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Considering its prevalence and outcomes, future projections, and lack of effective therapies, Heart Failure with Preserved Ejection Fraction (HFpEF) represent the single largest unmet need in cardiovascular medicine.1 Although EF is preserved and some patients may even have normal LV size, systolic function may be abnormal in HFpEF, including an increase in End-Systolic Elastance (Ees).2,3

Detailed analysis of contractility, relaxation and volumes require methods such as pressure-volume catheters, which show impaired hemodynamic adaptation, including a blunted increase in stroke volume (SV) with increased heart rate in HFpEF.1,4 Definitive, objective evidence of ventricular diastolic dysfunction requires cardiac catheterization to demonstrate an increased LV end-diastolic filling pressure in the presence of a normal or reduced LV end-diastolic volume.2 Exercise testing during hemodynamic assessment may diagnose HFpEF immediately.3,4,5

Pressure-volume loops provide a direct method for demonstrating that patients with HFpEF have an abnormality of passive diastolic properties by measuring their ventricular end-diastolic pressure-volume relation (EDPVR). During exercise or a change in pre-load, an exponential increase of the diastolic PV plane or increases in EDPVR (compared to normal) confirms diastolic dysfunction.6 Increased LV stiffness contributed to increased LVEDP during exercise in patients with HFpEF.5

A significant portion of stable outpatients with dyspnea may have HFpEF, and may have easily been missed using non-invasive testing according a study by Penicka et al. They reported that in the absence of PV measurements, only 25% of the HFpEF patients studied were HFpEF according to the current Echo guidelines, and only 10% showed increased BNP levels.7

As shown in the figures below, per Kawaguchi et al, PV loops can be used to confirm HFpEF showing combined ventricular systolic and arterial stiffening in patients with HFpEF. The high basal Ees limits contractile reserve and induces high energy costs to deliver a given increase in stroke volume.3 The lower loops represent PV loops during rest and preload reduction. During exercise, however, elevated diastolic PV planes and exponentially high LV pressures are apparent for the right-hand image, indicating that HFpEF is present.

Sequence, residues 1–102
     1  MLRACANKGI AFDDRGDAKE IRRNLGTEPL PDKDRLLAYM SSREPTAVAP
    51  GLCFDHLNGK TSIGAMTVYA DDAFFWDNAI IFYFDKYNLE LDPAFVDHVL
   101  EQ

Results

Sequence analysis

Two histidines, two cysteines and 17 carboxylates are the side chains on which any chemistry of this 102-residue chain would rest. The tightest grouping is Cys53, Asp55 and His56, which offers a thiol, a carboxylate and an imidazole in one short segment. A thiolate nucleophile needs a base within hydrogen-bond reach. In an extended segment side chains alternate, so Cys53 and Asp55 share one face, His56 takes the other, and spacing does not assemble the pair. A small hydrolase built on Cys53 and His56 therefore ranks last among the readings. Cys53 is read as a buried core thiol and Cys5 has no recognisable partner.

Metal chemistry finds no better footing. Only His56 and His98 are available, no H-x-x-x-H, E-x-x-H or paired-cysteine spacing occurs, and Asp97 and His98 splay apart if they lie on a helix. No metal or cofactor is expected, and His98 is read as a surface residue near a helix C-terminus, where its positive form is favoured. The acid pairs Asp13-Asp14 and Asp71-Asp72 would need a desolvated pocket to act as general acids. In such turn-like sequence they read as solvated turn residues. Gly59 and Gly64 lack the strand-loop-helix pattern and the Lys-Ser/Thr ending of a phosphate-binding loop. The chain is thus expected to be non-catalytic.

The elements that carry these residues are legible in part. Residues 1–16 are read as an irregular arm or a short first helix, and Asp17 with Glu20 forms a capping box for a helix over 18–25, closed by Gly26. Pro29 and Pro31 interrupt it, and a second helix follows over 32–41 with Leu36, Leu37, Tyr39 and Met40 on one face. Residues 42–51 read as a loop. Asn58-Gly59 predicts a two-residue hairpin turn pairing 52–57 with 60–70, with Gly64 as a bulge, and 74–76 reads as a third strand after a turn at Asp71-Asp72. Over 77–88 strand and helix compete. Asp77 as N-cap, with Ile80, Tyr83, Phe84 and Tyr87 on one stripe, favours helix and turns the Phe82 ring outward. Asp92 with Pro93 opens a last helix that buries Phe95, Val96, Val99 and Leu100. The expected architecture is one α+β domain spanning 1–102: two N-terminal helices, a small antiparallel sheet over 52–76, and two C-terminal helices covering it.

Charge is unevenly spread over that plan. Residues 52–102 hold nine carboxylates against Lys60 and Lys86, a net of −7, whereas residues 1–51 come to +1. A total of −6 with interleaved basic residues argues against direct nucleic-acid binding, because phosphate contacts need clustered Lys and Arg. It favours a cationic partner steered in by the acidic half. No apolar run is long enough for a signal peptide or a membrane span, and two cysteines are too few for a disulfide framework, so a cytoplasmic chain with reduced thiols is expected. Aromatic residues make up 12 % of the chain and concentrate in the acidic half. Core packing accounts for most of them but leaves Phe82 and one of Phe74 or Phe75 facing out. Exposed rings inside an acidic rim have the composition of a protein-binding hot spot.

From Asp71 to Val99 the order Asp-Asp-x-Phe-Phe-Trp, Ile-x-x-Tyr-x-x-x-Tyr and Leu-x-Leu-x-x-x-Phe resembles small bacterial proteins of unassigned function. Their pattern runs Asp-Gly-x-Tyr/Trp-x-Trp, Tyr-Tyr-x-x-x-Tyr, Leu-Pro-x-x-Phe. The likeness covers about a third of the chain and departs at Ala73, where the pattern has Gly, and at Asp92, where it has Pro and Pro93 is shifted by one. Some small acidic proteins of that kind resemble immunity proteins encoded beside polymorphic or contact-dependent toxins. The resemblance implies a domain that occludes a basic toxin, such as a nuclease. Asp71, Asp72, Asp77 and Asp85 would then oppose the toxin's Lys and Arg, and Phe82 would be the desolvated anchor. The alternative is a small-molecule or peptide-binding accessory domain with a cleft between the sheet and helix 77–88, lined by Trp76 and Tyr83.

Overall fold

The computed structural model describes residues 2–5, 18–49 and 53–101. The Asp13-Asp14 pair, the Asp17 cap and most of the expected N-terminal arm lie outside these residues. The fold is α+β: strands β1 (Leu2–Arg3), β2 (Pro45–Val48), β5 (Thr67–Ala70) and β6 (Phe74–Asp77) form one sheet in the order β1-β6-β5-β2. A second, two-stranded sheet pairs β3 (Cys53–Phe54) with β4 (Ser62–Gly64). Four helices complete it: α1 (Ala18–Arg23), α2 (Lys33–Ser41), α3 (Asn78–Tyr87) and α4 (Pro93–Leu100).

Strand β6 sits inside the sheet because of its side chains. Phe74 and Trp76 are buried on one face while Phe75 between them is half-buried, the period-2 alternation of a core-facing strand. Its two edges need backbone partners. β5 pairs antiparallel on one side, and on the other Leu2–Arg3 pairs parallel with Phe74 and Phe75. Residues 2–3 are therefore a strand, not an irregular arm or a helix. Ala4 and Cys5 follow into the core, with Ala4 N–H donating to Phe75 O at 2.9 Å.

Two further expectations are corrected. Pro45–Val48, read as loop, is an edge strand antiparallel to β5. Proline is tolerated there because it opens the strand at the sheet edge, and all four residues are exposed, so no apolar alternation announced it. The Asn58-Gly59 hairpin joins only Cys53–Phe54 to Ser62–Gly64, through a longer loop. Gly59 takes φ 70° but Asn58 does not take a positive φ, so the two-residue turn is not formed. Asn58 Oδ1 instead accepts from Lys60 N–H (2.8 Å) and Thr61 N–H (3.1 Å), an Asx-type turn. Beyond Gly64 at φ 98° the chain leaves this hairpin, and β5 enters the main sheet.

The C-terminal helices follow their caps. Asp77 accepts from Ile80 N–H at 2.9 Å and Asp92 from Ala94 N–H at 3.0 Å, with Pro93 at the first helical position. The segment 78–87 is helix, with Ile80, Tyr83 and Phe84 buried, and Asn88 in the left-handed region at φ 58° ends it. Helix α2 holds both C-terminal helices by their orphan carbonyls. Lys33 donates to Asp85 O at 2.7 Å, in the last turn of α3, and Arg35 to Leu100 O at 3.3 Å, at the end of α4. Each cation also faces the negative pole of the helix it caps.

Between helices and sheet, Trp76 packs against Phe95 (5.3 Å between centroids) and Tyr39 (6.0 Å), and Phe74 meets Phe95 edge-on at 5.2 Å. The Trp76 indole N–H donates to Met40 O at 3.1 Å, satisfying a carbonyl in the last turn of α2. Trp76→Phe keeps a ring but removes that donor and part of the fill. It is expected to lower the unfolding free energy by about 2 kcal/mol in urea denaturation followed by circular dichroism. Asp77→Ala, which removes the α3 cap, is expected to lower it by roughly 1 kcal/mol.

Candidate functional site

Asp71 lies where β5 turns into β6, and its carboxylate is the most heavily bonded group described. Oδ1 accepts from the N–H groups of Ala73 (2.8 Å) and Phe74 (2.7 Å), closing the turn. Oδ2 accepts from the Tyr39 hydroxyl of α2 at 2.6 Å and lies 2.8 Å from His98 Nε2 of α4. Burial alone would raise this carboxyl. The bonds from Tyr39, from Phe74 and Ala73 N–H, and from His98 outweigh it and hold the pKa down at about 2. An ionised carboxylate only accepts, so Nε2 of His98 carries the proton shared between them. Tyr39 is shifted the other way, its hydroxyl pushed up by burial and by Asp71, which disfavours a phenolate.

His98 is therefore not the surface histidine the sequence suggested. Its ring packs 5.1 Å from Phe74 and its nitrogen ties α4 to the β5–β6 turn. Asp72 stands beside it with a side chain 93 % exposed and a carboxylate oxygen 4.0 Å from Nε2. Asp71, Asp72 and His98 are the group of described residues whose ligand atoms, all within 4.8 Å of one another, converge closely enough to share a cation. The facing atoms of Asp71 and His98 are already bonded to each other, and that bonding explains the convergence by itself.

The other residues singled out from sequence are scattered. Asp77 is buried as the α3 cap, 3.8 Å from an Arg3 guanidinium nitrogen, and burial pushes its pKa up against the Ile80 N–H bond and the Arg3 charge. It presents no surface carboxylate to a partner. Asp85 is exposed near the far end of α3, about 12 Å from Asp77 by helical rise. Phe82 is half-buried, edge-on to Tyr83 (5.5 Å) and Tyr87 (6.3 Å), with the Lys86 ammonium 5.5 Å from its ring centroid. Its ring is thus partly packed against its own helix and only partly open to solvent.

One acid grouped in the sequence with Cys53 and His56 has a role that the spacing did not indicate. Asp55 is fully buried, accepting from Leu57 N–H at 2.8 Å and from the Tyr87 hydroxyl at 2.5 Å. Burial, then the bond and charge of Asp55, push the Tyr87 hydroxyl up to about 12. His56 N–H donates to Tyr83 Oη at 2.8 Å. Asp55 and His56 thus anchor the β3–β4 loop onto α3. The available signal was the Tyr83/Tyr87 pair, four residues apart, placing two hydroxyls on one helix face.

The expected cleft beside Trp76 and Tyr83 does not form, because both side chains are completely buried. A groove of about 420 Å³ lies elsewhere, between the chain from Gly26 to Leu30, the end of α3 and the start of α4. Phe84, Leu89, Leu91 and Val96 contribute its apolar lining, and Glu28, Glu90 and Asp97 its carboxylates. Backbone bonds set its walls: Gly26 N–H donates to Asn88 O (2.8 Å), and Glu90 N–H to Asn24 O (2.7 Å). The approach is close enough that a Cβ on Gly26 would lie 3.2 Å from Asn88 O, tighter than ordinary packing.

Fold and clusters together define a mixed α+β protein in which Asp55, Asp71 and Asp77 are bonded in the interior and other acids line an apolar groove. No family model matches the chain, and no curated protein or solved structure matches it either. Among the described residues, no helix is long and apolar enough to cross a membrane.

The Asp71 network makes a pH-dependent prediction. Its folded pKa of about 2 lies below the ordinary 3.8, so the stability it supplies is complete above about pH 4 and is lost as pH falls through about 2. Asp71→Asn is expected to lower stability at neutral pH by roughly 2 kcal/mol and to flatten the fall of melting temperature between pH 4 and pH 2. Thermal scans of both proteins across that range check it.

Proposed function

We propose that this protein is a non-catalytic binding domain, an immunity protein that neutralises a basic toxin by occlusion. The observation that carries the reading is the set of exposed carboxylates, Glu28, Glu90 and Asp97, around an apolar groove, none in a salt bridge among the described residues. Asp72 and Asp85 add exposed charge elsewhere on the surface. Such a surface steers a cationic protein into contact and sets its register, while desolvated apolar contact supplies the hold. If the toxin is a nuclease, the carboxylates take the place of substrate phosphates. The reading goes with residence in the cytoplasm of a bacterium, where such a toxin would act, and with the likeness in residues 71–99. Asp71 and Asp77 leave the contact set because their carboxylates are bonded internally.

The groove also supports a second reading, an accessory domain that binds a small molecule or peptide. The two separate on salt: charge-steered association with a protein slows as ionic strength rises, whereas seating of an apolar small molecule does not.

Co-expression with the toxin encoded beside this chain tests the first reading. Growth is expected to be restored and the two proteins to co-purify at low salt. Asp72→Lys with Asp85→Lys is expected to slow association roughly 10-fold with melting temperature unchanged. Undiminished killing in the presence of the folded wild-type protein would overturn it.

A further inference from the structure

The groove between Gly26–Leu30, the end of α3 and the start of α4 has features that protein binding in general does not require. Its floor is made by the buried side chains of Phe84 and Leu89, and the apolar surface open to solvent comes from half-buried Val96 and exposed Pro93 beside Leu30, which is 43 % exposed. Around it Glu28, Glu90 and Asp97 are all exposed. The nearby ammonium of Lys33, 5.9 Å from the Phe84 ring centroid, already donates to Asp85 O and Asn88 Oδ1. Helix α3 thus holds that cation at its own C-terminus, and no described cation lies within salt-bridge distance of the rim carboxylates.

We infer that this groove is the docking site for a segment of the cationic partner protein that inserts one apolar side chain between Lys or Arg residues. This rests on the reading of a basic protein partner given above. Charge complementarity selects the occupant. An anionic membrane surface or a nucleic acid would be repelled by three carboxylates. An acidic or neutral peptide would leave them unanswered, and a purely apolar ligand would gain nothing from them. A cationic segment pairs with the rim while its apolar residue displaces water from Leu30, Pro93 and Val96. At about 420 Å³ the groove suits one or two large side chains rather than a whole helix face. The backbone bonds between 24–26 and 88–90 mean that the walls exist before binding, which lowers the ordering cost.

Combined ventricular systolic and arterial stiffening in patients with HF and normal EF (Preload reductions followed by exercise)3

HFpEF Study Highlight:

HFpEF as assessed by RV PV loops with handgrip exercise

In compensated stages of the HFpEF syndrome, systolic RV function is preserved, but diastolic abnormalities with intrinsic RV stiffness and prolonged RV relaxation are already present. Impaired diastolic RV reserve contributes to a blunted increase in cardiac output during exertion. Because impairments in diastolic function seem to be a biventricular phenomenon, RV diastolic dysfunction warrants further consideration when characterizing HFpEF patients.8

HFpEF Clinical Trial: DECIPHER HFpEF is a German multi-center study using ventricular pressure-volume loop analysis in 180 patients as reference to validate Cardiovascular Magnetic Resonance and Echo for HFpEF diagnosis. Primary Investigator, Prof E Nagel (University Hospital Frankfurt), started this study in January 2018.9

Reduction of preload in heart failure with preserved ejection fraction (HFpEF; left column) and controls (middle column) to determine load-independent markers of contractility (End-systolic elastance (Ees)) and stiffness (ß; right column), in the right ventricle.8

Related Publications


1. Butler J et al. Developing therapies for heart failure with preserved ejection fraction. JACC: Heart Failure 2014;2:97-112.
2. Borlaug B and Kass D. Invasive Hemodynamics Assessment in Heart Failure. Heart Fail Clin 2009;5:217-228.
3. Kawaguchi et al. Combined ventricular systolic and arterial stiffening in patients with heart failure and preserved ejection fraction. Circulation 2003;107:714-720.
4. Wachter et al. Blunted frequency-dependent upregulation of cardiac output is related to impaired relaxation in diastolic heart failure. Eur Heart J 2009;30:3027-36.
5. Westermann et al. Role of left ventricular Stiffness in heart failure with normal ejection fraction. Circulation 2008;117:2051-60.
6. Burkhoff et al. Heart failure with a normal ejection fraction. Circulation 2003;107:656-658.
7. Penicka et al. Heart failure with preserved ejection fraction in outpatients with unexplained dyspnea. JACC 2010;55:1701-10.
8. Rommel et al. Load independent systolic and diastolic right ventricular function in heart failure with preserved ejection fraction as assessed by resting and handgrip exercise pressure-volume loops. Circ Heart Fail 2018;11:epub,–hfpef.html.

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